Attorney Robert J. Fleming has been handling wrongful death cases, automobile accident cases, personal injury cases, dental malpractice and medical malpractice lawsuits for individuals and families who have been harmed, injured or died as a result of the carelessness or negligence of another for more than 20 years in and around Atlanta, Georgia and its surrounding areas, including Alpharetta, Austell, Avondale Estates, Chamblee, College Park, Conyers, Duluth, Decatur, Doraville, Hapeville, Johns Creek, Jonesboro, Lawrenceville, Norcross, Peachtree City, Riverdale, Roswell, Sandy Springs, Stone Mountain, and Smyrna. If you have been seriously injured and would like quality legal representation, contact Robert J. Fleming directly on (404) 525-5150 or contact us online.

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According to the American Association of Endodontists, root canal treatment is necessary when the pulp, the soft tissue inside the root canal, becomes inflamed or infected. The inflammation or infection can have a variety of causes: deep tooth decay, repeated dental procedures on the same tooth which are not successful, or a crack or chip in the tooth which widens and/or deepens over time to the point that the pulp of the tooth is affected. A traumatic injury to a tooth may also cause pulp damage even if the tooth looks fine on the outside. If pulp inflammation or infection is left untreated, it can cause pain or lead to an abscess.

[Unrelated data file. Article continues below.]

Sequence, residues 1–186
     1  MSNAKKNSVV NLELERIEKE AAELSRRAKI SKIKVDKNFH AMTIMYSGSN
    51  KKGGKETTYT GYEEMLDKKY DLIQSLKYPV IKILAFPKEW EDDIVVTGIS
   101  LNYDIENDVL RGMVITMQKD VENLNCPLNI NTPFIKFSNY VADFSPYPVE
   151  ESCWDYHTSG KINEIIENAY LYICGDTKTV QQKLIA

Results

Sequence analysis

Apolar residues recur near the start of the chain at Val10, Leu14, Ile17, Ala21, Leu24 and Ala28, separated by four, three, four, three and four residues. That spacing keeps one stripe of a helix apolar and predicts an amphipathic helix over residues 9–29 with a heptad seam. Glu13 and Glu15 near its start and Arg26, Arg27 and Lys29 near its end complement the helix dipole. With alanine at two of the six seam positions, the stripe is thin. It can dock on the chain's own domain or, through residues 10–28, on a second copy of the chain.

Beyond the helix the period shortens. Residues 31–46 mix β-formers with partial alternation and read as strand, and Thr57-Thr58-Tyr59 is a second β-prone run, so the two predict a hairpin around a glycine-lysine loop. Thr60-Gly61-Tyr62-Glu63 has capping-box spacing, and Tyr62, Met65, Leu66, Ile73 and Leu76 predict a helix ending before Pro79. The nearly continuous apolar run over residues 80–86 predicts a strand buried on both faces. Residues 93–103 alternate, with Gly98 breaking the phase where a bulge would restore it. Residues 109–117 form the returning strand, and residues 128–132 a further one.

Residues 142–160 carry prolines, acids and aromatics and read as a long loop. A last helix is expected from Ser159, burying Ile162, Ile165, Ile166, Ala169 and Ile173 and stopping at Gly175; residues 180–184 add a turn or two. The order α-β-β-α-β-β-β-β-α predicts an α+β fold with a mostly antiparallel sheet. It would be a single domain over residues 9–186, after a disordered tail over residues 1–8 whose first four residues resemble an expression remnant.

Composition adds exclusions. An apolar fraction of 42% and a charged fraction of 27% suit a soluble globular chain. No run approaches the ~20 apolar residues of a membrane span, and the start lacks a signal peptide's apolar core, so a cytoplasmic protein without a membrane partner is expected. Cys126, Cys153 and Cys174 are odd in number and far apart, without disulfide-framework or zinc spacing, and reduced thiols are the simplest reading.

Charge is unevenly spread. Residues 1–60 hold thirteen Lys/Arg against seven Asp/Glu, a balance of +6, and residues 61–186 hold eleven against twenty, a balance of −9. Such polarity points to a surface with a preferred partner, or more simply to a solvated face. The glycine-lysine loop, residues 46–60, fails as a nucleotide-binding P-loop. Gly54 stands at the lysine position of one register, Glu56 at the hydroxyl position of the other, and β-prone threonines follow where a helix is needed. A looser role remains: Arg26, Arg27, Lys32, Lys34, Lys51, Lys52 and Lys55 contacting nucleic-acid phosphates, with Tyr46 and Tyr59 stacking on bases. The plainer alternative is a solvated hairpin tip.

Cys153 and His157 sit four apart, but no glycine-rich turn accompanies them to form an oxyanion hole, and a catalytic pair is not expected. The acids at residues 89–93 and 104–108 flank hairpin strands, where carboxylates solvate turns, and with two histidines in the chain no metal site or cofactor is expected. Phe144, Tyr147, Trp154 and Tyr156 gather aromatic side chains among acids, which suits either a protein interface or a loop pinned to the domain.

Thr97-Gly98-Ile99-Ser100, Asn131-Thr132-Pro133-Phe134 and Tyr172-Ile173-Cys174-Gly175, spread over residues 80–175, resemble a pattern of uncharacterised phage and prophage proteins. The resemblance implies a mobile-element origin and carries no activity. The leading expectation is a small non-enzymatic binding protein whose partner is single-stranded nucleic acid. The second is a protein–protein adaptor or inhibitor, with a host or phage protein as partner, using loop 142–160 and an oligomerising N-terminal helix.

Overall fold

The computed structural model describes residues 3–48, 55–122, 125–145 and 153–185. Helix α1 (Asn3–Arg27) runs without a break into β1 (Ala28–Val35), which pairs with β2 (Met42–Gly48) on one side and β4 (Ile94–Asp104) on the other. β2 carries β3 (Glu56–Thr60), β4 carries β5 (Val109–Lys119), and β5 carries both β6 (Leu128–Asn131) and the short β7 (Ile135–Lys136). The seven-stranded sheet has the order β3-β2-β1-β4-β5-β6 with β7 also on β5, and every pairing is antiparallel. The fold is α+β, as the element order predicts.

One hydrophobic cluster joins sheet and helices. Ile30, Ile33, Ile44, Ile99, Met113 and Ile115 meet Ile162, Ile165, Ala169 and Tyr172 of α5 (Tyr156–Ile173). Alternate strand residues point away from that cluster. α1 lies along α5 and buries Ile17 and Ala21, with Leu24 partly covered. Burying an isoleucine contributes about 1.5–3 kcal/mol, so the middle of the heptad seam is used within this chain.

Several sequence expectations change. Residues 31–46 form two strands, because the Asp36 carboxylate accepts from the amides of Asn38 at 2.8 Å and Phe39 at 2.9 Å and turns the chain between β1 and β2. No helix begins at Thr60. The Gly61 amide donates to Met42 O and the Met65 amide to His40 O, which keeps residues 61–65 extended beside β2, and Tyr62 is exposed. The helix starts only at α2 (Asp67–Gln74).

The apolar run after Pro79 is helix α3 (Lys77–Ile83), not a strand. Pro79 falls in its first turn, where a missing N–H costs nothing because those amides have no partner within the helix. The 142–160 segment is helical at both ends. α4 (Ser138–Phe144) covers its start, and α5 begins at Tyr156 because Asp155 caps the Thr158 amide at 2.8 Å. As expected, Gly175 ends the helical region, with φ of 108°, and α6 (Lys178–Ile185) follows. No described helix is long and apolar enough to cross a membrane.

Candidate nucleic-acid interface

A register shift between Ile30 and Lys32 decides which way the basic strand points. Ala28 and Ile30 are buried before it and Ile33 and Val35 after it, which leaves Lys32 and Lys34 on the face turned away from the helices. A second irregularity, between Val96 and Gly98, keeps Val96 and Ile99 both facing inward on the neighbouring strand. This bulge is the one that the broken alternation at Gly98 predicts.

Endodontic treatment typically consists of the following steps:

1. The dentist who is performing the root canal therapy examines and x-rays the tooth, then administers local anesthetic to numb the area and tooth that is to be worked on. After the tooth is numb, the dentist places a small protective sheet called a “dental dam” over the area to isolate the tooth and keep it clean and free of saliva during the procedure.   

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If an injured dental patient seeks a lawyer on legal web sites such as avvo.com, dental malpractice usually falls under a sub-heading of medical malpractice. This is certainly the case, and there are a number of dental procedures that commonly lead to dental malpractice claims, among them are: Root canal therapy, dental implants and puncturing the sinus cavity during a number of procedures in the upper jaw.

In order to pursue a dental malpractice case, and affidavit of an expert is required to be filed with the lawsuit in most jurisdictions. This is the same requirement as medical malpractice cases. The filing of the affidavit with the complaint necessitates that an expert in the field review the case and provide and opinion in the form of an affidavit that the treatment rendered in the case was below the standard of care. The standard of care for dentists and doctors is that they must exercise such reasonable care and skill for their patients as, under similar conditions and like surrounding circumstances, is ordinarily employed by the dental or medical profession generally. This is investigated by reviewing the treaters records, radiographs and other related information in order to determine the level of care provided by the potential defendant. The reviewing expert must have been regularly engaged in practice or teaching three of the past five years in the same area of practice or specialty, with sufficient frequency to establish an appropriate level of knowledge, as determined by the trial judge, in performing the same procedure, diagnosing the condition or rendering the treatment which is alleged to have been performed or rendered negligently by the defendant. In most cases, there is no grace period for filing the expert affidavit after the suit is filed. If there is no malpractice affidavit, the suit will be dismissed.